“Plus, it was his birthday.”

“Should I have just let the couple have my seats?”

OP was left to wonder: 


Having explained the situation, OP asked Reddit for advice.

Redditors weighed in by declaring:

  • NTA – Not The A**hole
  • YTA – You’re The A**hole
  • NAH – No A**holes Here
  • ESH – Everyone Sucks Here

Redditors decided: NTA

Some responses were logical.


“Birthday or not, they were wrong and threw a hissy fit about it.”

“You didn’t ruin anything, they were just using ‘birthday’ as leverage to make you feel bad, which makes them a**holes.”

“You paid for your middle seats, just like they paid for their not-middle seats.”

“Most theaters have maps where you can choose where to sit – and it’s not your fault they didn’t pay attention to what they bought.”~PrincessBuzzkill

Other responses were suspicious of the other couple.

There were probably no center seats together when they bought their tickets and they just said, ‘f*ck it, we’ll just sit together where we want and whoever’s seats these are can sit somewhere else’.”

“They 100% knew those were not their seats and just figured they could bully OP into skulking off somewhere else.”

“I’m glad OP (NTA) escalated it.”~Biomax315


“When it got to the bit where the rows after M are split in the middle, I was like ‘ah, so the only seats they could get weren’t actually next to each other and they just figured they’d bully someone else out of their seats’.”~Smishysmash

There was also the bigger picture to consider.


“Where I am cinemas are reduced seating capacity.”

If I book two seats, the two seats left and right of our booking are locked and can’t be booked by anyone, and the row in front and behind, and one seat diagonal are also locked.”

“It’s all for social distancing.”

“If someone wasn’t in their correct seats, it affects everyone in the theatre, someone doesn’t get their social distance, or I have seen a guy move 4 times before started as they booked the front row, didn’t want to sit there and kept inconveniencing everyone else.”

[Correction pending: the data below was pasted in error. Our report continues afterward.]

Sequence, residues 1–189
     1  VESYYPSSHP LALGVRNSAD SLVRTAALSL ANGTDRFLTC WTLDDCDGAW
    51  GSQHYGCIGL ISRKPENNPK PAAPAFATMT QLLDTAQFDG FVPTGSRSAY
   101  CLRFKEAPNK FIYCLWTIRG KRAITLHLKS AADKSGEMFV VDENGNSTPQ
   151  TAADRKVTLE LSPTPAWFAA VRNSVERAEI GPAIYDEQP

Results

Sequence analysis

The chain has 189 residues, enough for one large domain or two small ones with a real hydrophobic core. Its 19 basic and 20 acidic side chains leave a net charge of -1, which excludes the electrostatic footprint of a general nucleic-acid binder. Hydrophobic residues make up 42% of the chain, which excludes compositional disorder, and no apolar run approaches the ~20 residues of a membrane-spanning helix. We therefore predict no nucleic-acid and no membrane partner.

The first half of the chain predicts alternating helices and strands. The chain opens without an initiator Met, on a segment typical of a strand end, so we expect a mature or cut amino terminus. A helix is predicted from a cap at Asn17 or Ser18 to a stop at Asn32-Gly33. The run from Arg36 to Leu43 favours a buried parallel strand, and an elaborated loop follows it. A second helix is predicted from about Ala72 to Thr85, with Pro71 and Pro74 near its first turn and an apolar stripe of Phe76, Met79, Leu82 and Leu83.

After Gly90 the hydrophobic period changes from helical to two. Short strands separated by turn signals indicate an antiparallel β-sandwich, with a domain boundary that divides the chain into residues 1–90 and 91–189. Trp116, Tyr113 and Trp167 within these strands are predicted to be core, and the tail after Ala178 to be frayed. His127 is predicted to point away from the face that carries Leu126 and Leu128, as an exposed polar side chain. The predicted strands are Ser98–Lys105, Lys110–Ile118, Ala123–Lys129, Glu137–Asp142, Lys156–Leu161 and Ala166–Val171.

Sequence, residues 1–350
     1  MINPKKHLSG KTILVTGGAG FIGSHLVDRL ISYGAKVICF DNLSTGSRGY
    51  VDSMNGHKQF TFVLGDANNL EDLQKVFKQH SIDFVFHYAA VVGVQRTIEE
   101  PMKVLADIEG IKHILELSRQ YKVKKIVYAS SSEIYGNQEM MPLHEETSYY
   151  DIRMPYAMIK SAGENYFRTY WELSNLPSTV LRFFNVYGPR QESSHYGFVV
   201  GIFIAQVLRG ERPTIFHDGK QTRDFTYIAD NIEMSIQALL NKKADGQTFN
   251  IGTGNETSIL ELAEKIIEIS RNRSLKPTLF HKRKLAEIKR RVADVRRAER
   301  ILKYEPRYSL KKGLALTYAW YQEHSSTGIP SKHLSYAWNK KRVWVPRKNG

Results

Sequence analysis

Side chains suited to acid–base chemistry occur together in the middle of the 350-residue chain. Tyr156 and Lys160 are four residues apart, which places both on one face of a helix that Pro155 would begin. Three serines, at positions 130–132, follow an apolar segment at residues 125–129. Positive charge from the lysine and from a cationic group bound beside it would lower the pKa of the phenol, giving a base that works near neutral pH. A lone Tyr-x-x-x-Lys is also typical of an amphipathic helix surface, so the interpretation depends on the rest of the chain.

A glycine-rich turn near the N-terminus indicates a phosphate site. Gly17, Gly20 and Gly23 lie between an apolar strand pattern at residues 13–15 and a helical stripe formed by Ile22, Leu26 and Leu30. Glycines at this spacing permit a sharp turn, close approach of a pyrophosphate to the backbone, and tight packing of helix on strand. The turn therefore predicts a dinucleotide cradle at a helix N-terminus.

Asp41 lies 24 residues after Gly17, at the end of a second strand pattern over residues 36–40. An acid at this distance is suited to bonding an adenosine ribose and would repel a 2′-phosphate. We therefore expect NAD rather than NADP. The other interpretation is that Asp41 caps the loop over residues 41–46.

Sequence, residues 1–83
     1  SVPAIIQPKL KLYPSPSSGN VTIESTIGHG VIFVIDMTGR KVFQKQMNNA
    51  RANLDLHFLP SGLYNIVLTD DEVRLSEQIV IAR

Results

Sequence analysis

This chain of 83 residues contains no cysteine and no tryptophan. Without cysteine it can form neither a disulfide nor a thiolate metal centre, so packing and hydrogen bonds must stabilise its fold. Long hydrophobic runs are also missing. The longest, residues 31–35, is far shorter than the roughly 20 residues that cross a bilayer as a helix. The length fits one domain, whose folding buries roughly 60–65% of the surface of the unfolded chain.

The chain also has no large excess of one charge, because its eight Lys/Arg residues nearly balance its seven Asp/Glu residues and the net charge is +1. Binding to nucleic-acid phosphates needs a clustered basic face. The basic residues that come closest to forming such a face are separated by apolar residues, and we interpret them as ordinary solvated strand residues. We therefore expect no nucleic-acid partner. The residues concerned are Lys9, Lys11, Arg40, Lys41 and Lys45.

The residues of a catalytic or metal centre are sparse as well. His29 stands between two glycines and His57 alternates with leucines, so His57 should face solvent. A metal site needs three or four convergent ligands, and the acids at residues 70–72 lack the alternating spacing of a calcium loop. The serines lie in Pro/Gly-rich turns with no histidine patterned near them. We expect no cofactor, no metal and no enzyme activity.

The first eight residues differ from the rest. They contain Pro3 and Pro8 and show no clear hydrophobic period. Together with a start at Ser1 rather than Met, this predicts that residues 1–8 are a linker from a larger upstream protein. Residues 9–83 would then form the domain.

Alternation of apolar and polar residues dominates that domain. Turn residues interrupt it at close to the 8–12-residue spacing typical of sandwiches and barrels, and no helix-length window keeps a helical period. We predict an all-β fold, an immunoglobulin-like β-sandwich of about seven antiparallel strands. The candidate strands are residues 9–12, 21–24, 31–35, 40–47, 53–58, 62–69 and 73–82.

“(moving from their seats, taking another, moving from that, asking others to move or let them pass by etc..)”

You book a seat, you sit in that seat, end of story.”

“That’s what the entire booking system is about.”

“You can only pick your seat without issue, if it’s free seating/general audience with no assigned seating.”

“Even then, don’t sit in the disabled spots or their assistants/carers spots.”

“Recliners, premier seating, VIP areas etc… Are reserved unless you buy it, so don’t be surprised if you’re moved.”

“He chose his own hill to die on, then shot himself, and complained while dying.”

“If he didn’t like the seats he booked, and he was so happy to walk out without seeing the movie, he should have just booked other seats, another showing or another day.“~Sirix_8472

A few responses tried to find sympathy for the other couple.

It may have been a genuine mistake, after all, it is just one row off. For me, the issue is not just checking and moving.”~Buggerlugs253

Shared spaces can be difficult to navigate.

While it’s important to take up space and show yourself respect, it is just as vital to show respect to others and let them have space too.

Remember, shared spaces are for everyone.

Written by Frank Geier

Frank Geier (pronouns he/him) is a nerd and father of three who recently moved to Alabama. He is an avid roleplayer and storyteller occasionally masquerading as a rational human.